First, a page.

Beaches For Your Sunset Pics – Part 3.
Port Dickson or PD shall be our third featured beach and the furthest, comparatively. I was there to attend the Rainforest Challenge 4WD competition.
Sometimes you need to rope in a complete stranger to complement the scene. I was lucky to meet friendly Kay Kay Wong and her cooperative dog on the beach. I explained to Kay Kay and she understood what I wanted to achieve immediately,
The pretty and shapely dog groomer ran across the sand and her pet poodle, Pearly, chased her in the way I imagined it. An unexpected bonus was the dust halo (fine sand) kicked up by the dog’s feet with the sunset behind.
Olympus OM-D, ISO 200, f8, 1/320 sec.
If you need to spend a night in PD, see this link to Hotels In Seremban that included a link to many hotels and resorts in PD:
#sunset #dusk #beach #twilight #portdickson #pd #silhouette #dog #negerisembilan
Beaches For Your Sunset Pics – Part 1b.
If you noticed. I named this Part1b because it is an unplanned inclusion of another Morib beach sunset view. It is the silhouette pic of my friend. the shapely and beautiful Sarawakian, Elisha.
Sunsets can be great for silhouettes. It is also photographed from the Morib Esplanade, as with the previous beach pic.but on a different day.
Don’t worry if you arrived late at the beach, It is the afterglow of various hues that is magical. Many people leave the minute the sun drops below the horizon. Don’t and you will be rewarded.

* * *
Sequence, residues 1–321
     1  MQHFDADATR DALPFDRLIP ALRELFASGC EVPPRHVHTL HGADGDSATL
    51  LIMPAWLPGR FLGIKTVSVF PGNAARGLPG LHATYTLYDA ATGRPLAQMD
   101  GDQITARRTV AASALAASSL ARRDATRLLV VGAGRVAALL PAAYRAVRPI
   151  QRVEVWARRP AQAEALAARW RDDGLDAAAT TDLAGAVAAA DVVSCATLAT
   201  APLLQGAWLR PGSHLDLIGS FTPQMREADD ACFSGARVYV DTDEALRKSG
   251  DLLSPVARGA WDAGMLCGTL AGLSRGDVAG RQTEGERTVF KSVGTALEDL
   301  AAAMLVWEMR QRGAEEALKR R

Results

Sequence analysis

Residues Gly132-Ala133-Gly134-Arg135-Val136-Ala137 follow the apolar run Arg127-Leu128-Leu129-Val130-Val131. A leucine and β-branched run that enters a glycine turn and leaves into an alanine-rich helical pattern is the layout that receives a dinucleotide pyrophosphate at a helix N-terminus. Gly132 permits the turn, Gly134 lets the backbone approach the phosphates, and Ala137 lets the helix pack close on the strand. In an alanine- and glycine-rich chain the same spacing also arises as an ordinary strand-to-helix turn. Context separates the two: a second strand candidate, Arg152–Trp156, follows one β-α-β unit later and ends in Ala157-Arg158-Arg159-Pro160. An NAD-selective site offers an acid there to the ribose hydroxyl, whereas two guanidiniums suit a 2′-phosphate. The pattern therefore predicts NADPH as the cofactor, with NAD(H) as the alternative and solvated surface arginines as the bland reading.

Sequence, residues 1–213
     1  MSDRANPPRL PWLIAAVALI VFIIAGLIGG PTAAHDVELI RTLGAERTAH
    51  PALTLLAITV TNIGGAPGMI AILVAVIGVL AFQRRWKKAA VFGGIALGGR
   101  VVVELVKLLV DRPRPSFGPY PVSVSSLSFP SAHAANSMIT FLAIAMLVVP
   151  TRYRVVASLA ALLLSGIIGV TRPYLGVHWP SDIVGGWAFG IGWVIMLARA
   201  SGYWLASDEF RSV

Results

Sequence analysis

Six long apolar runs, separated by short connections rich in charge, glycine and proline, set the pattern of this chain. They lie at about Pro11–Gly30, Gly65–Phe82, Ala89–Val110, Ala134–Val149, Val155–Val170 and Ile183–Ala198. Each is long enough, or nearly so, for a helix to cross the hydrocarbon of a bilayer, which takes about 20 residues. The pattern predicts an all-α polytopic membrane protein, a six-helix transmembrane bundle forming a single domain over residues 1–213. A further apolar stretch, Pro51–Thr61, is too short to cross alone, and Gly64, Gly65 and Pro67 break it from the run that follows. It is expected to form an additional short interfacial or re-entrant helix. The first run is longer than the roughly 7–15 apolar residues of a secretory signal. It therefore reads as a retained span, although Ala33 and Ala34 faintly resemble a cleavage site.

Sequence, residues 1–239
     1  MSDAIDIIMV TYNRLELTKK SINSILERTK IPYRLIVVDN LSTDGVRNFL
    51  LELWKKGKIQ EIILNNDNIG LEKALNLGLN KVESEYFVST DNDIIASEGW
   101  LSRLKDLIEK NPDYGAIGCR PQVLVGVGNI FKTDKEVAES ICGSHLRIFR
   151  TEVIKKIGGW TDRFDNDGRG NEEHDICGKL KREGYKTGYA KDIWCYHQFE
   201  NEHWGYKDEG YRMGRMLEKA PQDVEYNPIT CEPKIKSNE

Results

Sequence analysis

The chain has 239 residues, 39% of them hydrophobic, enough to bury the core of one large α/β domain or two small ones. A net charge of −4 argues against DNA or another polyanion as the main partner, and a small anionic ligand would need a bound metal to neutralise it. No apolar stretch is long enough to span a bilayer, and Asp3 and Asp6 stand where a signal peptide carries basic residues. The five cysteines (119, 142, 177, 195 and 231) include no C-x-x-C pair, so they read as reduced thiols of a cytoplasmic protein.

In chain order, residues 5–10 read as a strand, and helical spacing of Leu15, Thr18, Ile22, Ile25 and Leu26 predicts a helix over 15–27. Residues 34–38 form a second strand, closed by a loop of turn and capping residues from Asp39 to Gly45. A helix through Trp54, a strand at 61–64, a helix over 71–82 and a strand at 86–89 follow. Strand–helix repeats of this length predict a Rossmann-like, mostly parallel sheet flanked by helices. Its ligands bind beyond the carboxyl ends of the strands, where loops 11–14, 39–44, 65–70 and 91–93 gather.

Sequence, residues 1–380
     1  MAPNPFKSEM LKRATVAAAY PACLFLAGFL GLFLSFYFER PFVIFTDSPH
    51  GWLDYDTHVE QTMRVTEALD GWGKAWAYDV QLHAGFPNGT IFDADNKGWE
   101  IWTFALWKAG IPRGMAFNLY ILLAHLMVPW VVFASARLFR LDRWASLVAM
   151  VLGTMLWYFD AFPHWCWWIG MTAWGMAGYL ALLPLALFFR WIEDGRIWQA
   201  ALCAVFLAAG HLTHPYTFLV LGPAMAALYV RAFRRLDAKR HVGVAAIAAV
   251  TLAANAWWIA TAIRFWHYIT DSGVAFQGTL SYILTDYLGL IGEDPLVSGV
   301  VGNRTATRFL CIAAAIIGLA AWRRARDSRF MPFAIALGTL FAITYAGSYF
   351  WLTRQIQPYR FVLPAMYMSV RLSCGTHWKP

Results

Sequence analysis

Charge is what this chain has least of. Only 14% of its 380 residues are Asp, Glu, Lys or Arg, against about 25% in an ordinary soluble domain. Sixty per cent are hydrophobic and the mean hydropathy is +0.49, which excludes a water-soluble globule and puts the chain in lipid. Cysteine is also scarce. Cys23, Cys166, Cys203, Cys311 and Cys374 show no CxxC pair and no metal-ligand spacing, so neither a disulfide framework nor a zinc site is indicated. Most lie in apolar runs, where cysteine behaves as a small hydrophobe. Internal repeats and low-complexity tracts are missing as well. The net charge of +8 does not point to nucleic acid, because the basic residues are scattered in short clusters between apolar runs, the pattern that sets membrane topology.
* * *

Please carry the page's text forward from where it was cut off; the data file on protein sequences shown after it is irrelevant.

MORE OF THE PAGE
Olympus OM-D, ISO 200, f5.6, 1/250 sec.
See Hotels in Morib and the Gold Coast, if you need to spend a night.
#sunset #dusk #beach #twilight #morib #goldcoast #selangor #afterglow #silhouette
Sony Alpha a7R, ISO 50, f11, 1/500 sec.
Selamat Hari Raya.
Warmest wishes to Muslim friends and followers in Malaysia and from around the world celebrating Eid-ul-Fitr.
Sunset photographed at a mosque in Gombak yesterday.
Sony Alpha a7R, ISO 50, f22, 1/8000 sec.
As the stranded and unwanted Rohingyas come under the international spotlight, I realise many fellow Malaysians are unaware that there are thousands already on our soil, most with valid UNHCR refugee status.
I have photographed the community in the past and decided to visit them again today. On any working day they blend discreetly with other migrant workers such as non-Muslim Burmese, Bangladeshis and Nepalis.
Sunday is when you see them out to pray, play and to socialise among themselves. Photographing them was challenging as many were understandably suspicious of an outsider. They have endured much harassment from every side.
It took much engagement to win their trust before they agree to be photographed or to talk. I usually jot down notes on my phone or on a “Buku 555” paper booklet. Had to go by memory to put them at ease. I think I spoke to more than a hundred people and remembering everything was the challenge.
Picture is of a shop house surau and community centre used by all Muslims from Myanmar, and not just the Rohingyas.
Sony Alpha a7R, ISO 400, f4, 1/200 sec.